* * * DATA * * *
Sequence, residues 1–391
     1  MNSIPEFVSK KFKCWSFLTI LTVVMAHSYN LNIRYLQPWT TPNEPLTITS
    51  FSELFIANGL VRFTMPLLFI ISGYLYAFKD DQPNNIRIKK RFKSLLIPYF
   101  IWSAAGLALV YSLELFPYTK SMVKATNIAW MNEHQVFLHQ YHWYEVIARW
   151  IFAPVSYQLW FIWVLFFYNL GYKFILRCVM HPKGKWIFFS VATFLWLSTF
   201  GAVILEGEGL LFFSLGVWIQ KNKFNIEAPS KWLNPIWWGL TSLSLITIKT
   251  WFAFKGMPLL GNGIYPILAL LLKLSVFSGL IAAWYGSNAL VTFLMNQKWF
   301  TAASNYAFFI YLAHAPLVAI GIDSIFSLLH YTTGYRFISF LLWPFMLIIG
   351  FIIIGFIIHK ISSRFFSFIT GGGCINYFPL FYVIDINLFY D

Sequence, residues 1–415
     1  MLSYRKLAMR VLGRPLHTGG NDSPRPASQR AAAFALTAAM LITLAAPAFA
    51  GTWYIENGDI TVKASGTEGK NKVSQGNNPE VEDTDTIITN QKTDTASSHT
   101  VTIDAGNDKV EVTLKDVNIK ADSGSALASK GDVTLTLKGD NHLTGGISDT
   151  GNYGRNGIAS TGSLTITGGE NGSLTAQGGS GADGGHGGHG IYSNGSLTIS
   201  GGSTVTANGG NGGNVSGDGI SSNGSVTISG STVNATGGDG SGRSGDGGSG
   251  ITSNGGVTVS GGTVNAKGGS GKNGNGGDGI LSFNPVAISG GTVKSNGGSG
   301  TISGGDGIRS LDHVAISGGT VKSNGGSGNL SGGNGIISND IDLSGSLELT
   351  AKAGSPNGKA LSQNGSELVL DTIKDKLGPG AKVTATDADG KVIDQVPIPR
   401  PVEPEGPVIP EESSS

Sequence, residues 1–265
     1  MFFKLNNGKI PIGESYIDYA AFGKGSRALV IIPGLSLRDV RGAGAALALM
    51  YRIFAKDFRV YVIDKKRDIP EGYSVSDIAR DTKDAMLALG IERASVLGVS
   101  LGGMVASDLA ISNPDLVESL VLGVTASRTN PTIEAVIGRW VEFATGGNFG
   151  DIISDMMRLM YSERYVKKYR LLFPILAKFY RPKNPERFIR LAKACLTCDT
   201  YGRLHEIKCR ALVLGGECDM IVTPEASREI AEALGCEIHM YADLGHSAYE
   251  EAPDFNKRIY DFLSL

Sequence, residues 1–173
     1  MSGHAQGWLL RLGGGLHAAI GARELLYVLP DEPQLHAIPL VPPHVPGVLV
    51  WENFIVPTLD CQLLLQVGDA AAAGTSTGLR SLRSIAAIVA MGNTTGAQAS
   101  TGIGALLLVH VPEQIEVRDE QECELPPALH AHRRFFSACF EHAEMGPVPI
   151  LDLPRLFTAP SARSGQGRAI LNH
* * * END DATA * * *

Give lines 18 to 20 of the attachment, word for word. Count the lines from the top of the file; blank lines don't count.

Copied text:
   351  AKAGSPNGKA LSQNGSELVL DTIKDKLGPG AKVTATDADG KVIDQVPIPR
   401  PVEPEGPVIP EESSS

Sequence, residues 1–265